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Bladder Control Problems (cont.)

Medical Treatment

Treatment depends of the type and severity of the incontinence. Many of these treatments require a commitment on your part to master the technique and practice it daily. Discuss all of the treatment options with your health-care provider before making a decision together.

Some medications that you may take for other medical conditions can cause incontinence. Review your medications with your health-care provider. If a medication is causing the problem, an alternative may be available.

Urge incontinence: Treatment is focused on eradicating the underlying cause. If your health-care provider is unable to identify a reversible cause, the focus of treatment becomes reducing symptoms. Treatment may include the following:

  • Providing a commode or urinal for urination "emergencies"
  • Limiting fluid intake
  • Behavioral therapy: Changing your habits to try to reduce incontinence
  • Timed voiding and bladder training regimens: Gradually prolonging the time between urination
  • Pelvic floor exercises: To strengthen the sphincter muscles
  • Pelvic floor electrical stimulation: Painless electrical pulses applied via a small probe in the vagina or rectum to increase tone of the pelvic floor muscles
  • Medications: To relax the bladder or tighten the sphincter muscles

Stress incontinence: In general, surgical treatment is far more successful than nonsurgical treatment. Medications generally do not work well in stress incontinence. Nonsurgical methods cure very few people, although symptoms may improve for up to 88%.

  • If overweight, work toward weight loss. Weight loss can cure incontinence in as many as half of cases.
  • Kegel exercises
  • Weighted vaginal cones: Strengthen pelvic muscles to prevent involuntary flow of urine
  • Urethral plug: A small tampon-like insert placed into the urethra to block urine flow
  • Topical estrogen cream: Applied in the vagina, for use only after menopause (Many people are reluctant to use estrogen cream because of its potential association with female malignancies. Topical estrogen, however, is a very good treatment for those who need replacement and the risk is negligible.)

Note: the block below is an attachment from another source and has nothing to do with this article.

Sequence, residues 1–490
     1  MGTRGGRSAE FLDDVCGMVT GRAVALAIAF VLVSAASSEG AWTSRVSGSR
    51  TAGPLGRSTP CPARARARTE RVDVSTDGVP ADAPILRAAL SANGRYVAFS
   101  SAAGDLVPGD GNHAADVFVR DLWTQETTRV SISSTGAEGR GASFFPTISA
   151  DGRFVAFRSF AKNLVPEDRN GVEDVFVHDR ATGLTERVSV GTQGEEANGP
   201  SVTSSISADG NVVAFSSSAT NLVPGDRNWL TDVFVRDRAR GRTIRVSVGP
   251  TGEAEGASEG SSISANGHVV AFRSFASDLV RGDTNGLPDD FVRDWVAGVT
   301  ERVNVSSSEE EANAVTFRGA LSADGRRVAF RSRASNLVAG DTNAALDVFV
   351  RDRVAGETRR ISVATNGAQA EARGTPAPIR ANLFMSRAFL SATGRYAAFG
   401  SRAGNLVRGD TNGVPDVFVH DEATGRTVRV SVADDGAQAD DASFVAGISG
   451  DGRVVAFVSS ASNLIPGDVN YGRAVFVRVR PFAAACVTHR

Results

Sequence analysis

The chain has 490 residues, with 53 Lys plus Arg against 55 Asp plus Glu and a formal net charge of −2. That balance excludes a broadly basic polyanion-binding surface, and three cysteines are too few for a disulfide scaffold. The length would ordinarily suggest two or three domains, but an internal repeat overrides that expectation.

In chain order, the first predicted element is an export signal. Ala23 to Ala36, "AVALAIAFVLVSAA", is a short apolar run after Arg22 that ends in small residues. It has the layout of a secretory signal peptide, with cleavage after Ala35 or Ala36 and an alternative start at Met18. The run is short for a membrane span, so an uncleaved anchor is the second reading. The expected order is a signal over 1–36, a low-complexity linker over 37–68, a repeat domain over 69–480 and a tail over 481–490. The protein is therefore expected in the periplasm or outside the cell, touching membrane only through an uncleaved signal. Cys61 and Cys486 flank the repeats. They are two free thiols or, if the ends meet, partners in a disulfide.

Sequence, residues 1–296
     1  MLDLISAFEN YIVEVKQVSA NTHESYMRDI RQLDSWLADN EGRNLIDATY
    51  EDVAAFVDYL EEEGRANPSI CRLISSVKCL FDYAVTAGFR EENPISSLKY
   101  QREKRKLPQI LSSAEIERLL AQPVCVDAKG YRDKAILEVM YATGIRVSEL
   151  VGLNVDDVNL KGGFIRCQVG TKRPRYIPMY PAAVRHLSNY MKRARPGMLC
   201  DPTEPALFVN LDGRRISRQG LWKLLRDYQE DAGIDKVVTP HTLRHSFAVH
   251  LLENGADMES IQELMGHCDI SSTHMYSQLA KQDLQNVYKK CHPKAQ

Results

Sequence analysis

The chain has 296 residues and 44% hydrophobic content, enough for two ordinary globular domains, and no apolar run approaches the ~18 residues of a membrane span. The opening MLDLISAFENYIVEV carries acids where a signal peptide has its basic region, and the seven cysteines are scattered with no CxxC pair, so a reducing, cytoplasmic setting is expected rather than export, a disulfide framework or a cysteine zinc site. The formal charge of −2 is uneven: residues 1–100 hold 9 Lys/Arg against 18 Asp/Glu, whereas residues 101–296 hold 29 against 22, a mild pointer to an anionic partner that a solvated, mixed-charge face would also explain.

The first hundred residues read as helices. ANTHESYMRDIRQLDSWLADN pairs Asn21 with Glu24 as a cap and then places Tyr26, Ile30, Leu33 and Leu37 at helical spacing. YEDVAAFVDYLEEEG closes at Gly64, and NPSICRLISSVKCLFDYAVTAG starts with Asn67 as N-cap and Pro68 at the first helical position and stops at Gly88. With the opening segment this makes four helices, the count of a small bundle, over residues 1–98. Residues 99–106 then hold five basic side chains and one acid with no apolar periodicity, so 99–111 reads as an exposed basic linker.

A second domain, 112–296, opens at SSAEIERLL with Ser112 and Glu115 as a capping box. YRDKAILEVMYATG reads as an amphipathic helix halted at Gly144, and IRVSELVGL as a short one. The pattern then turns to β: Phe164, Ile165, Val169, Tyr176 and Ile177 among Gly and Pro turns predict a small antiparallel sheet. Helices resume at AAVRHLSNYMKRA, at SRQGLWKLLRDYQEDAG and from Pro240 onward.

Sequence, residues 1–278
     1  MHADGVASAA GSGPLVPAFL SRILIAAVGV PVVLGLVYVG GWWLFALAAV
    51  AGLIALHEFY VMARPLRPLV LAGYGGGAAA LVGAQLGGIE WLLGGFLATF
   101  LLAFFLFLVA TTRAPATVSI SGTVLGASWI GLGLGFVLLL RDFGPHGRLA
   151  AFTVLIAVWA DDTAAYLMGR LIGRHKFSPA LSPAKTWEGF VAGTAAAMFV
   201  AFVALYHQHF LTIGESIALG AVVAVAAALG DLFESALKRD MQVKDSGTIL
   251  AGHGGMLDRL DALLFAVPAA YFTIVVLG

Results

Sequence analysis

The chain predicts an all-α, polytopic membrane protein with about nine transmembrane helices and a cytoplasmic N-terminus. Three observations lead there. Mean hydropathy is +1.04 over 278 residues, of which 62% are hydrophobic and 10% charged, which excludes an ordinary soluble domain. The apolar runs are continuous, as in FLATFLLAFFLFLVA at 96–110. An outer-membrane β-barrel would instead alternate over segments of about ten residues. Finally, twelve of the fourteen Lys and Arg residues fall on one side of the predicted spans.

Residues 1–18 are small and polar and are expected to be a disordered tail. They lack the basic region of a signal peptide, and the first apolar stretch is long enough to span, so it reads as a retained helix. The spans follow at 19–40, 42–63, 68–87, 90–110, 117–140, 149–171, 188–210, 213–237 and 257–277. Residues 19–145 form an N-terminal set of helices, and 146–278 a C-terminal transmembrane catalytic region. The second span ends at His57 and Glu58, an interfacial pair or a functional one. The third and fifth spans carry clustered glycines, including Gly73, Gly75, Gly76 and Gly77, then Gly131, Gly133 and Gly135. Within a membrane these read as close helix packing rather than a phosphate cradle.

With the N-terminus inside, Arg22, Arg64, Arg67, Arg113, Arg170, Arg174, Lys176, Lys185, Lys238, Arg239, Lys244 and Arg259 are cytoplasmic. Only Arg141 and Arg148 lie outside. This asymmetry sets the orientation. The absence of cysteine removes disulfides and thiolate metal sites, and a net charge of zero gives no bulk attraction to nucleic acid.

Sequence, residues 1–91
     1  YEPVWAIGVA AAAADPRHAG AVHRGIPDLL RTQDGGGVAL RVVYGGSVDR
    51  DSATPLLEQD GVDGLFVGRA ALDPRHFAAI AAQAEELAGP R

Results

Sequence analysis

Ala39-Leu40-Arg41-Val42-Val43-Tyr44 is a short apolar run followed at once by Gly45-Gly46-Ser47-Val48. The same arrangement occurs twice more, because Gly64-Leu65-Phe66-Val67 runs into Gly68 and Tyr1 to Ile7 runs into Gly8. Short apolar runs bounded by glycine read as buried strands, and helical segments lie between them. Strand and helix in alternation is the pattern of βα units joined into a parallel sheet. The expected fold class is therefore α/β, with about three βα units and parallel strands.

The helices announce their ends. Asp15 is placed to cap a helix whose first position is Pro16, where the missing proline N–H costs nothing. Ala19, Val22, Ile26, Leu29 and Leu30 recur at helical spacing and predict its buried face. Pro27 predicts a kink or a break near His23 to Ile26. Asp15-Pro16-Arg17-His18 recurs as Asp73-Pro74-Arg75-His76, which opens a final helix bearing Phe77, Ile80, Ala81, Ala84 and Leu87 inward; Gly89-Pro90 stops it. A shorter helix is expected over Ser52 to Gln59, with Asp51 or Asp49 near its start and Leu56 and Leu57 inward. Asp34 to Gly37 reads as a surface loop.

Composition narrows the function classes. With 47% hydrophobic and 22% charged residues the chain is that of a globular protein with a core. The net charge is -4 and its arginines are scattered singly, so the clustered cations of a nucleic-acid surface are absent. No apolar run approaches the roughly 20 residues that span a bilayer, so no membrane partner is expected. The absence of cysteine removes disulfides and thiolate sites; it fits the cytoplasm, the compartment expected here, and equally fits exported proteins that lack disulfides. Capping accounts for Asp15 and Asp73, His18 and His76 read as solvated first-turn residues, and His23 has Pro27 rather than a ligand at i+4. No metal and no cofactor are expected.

• Pessary: A device worn by women in the vagina to help support the bladder and improve control
  • Barrier devices: Work like pads but are much smaller and less bulky
  • Pelvic floor electrical stimulation
  • Medication: To increase the tone of the internal sphincter, not always effective

Overflow incontinence: No effective medication is available for this condition, which usually occurs in people with longstanding diabetes, bladder outlet obstruction, or lumbar spine injury/disease. The cornerstone of treatment is catheterization.

  • A catheter is a thin tube that goes through your urethra to your bladder to drain urine. There are two different kinds of catheters.
    • One is an intermittent catheter. You insert this yourself whenever needed, drain your bladder, and remove the catheter. You are taught how to do this by a specially trained nurse.
    • The other, called a Foley catheter, is worn all the time. Urine drains into a bag, usually taped to your leg. You simply replace the bag as necessary. Your health-care provider will make arrangements for you to have the catheter changed regularly. This type of catheter is used for incontinence only as a last resort.

No matter what type of incontinence you have, medical treatment can take some time to take effect. During treatment, or if medical treatment does not work for you, you have the following alternatives:

  • Wear an absorbent product
  • Use a catheter to remove urine
  • Surgery
Medically Reviewed by a Doctor on 7/21/2014
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